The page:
• If you miss a dose of menotropins, contact your doctor for instructions.

Ask your health care provider any questions you may have about how to use menotropins.

Important safety information:

  • Menotropins may cause dizziness. Do not drive, operate machinery, or do anything else that could be dangerous until you know how you react to menotropins. Using menotropins alone, with certain other medicines, or with alcohol may lessen your ability to drive or to perform other potentially dangerous tasks.
  • Do not reuse needles, syringes, or other materials. Dispose of properly after use. Ask your doctor, nurse, or pharmacist to explain local regulations for selecting an appropriate container and properly disposing of the container when full.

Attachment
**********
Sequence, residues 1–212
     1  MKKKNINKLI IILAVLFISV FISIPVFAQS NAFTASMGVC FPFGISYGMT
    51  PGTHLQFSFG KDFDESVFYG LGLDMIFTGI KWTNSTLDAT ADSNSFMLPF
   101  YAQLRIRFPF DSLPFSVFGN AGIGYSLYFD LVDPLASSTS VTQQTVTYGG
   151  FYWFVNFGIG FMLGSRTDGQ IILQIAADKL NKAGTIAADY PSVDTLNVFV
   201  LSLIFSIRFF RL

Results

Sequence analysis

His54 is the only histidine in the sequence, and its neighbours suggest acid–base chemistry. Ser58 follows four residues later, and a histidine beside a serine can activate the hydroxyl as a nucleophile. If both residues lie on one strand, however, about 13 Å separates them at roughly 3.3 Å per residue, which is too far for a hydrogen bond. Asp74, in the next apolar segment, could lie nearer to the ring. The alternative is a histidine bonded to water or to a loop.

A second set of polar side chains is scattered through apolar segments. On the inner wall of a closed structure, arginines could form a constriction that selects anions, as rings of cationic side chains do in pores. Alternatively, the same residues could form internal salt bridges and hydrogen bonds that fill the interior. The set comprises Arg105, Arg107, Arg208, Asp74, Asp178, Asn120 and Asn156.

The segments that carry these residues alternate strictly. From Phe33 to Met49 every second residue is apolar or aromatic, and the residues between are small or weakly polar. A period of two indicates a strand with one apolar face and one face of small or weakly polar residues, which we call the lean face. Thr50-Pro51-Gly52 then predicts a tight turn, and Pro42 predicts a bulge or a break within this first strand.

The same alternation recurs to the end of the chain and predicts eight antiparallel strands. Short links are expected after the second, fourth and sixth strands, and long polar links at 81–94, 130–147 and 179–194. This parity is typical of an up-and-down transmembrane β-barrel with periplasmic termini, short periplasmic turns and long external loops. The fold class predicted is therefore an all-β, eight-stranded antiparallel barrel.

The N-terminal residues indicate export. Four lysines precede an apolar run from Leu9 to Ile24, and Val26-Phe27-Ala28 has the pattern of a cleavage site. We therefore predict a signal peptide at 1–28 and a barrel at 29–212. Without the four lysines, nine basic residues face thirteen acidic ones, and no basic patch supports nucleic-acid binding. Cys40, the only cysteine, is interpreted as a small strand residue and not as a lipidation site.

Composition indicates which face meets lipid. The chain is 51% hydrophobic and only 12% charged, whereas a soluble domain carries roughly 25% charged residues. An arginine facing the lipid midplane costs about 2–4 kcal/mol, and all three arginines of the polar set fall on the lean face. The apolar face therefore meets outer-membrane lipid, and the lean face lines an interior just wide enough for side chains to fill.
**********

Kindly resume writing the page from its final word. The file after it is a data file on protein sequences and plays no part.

• Using menotropins may result in a pregnancy with multiple fetuses (eg, twins). Discuss this possibility with your doctor.
  • You will be given a thorough evaluation before using menotropins. Pregnancy must be ruled out before you use menotropins.
  • LAB TESTS, including hormone levels and pregnancy tests, may be required to monitor your progress. Be sure to keep all doctor and lab appointments.
  • Use menotropins with caution in the ELDERLY because they may be more sensitive to its effects.
  • Menotropins is not recommended for use in CHILDREN; safety and effectiveness have not been confirmed.
  • PREGNANCY and BREAST-FEEDING: Do not use menotropins if you are or become pregnant. If you suspect that you could be pregnant, contact your doctor. It is unknown if menotropins is excreted in breast milk. If you are or will be breast-feeding while you are using menotropins, check with your doctor or pharmacist to discuss the risks to your baby.

Possible side effects of menotropins:

All medicines may cause side effects, but many people have no, or minor, side effects. Check with your doctor if any of these most COMMON side effects persist or become bothersome: